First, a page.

The potential of losing millions of young people from schools could consign an important part of the next generation to the margins of the economy.
America will soon hear governors and state education leaders announce that millions of young people who are no longer participating in our educational system are designated on the rolls as “unaccounted for.”
The enormity of the problem will become evident, as schools report on their rates of enrollment and graduation for the Class of 2021. We can expect to hear of a truly dramatic increase in the number of high school dropouts.
COVID-19 and its consequences hit people of color, the “working poor” and those in low-wage service industries earlier, harder and now longer than most others. The consequent disproportionate educational and socioeconomic losses those populations have experienced also will be reflected in the devastating statistics.
Young people have become disengaged from their schools for many reasons, including the necessity of working to help with household expenses; watching younger siblings while parents work; and lack of Internet access, resulting in their falling far behind in their schoolwork.
For 40 years, Jobs for America’s Graduates has served the most vulnerable young people in America, helping them to stay in school, graduate and transition into the working economy. JAG operates in 1,450 locations across 40 states, where we have seen first-hand the effects of the pandemic on a national scale. We are deeply concerned.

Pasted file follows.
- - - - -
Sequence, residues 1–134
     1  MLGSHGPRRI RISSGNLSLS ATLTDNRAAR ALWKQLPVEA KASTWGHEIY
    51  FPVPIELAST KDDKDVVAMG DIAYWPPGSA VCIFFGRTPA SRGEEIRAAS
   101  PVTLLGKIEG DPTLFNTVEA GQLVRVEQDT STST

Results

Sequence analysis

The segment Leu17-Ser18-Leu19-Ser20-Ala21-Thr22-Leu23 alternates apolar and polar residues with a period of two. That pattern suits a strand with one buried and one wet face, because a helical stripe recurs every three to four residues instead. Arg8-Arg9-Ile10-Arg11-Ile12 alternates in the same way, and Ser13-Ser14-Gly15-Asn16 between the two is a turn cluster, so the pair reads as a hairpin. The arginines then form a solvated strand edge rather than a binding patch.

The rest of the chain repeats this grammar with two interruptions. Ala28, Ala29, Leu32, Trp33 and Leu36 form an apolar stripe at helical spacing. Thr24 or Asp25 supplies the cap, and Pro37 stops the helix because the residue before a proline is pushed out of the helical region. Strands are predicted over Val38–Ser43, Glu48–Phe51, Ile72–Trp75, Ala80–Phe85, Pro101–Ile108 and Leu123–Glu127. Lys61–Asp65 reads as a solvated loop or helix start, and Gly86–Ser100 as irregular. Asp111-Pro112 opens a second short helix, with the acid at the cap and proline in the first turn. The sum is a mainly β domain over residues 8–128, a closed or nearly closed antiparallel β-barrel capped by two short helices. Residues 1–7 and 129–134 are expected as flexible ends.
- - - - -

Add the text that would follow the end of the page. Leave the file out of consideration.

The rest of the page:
The president and Congress have responded by allocating large-scale federal resources to schools to mitigate learning loss and to re-engage students.
The largest annual federal appropriation for schools comes from Title I of the Elementary and Secondary Education Act. This appropriation usually totals $16 billion, to be shared among 14,000 school districts. In the past 12 months, the Title I appropriation has been increased to 13 times that amount – for a total of $196 billion in three pieces of COVID relief legislation. State Departments of Education and school districts are just now receiving much of that money.
In addition, Congress has approved $350 billion of funding to help states mitigate the impacts of the pandemic. Even in smaller states, this can mean $3 billion to $5 billion – often substantial percentages of states’ budget totals. Further, in most cases, state budget projections for the coming fiscal year are 5% to 15% higher than originally projected.
In short, states and school districts have received the largest-scale federal and state funding in history, and it can be used to mitigate learning loss and the massive disengagement of millions of young people from the nation’s educational system.
The potential of losing millions of young people from schools could consign an important part of the next generation to the margins of the economy, as they leave classrooms without a high school diploma and struggle to enter an economy requiring problem-solving abilities and technical knowledge and skills. They will be excluded from the economy, society and many other aspects of American life.
Again, the good news is that schools and states do have money. More good news is that we know what to do to help even the most at-risk and vulnerable young people succeed in school, employment and post-secondary education.
We have many proven education, motivation and engagement programs available in the nonprofit sector. And interventions offered by organizations such as Communities In Schools, Boys and Girls Clubs, YMCA and Jobs for America’s Graduates have been proven to work, at scale and over time.
If there were ever a time in American history when we ought to take what works and do more of it, this is it. Proven programs, platforms, and systems already are established and can be rapidly scaled as necessary to help the next generation secure an education, find employment and succeed in life.
We have no time to lose.
Ken Smith is founder and president of Jobs for America’s Graduates.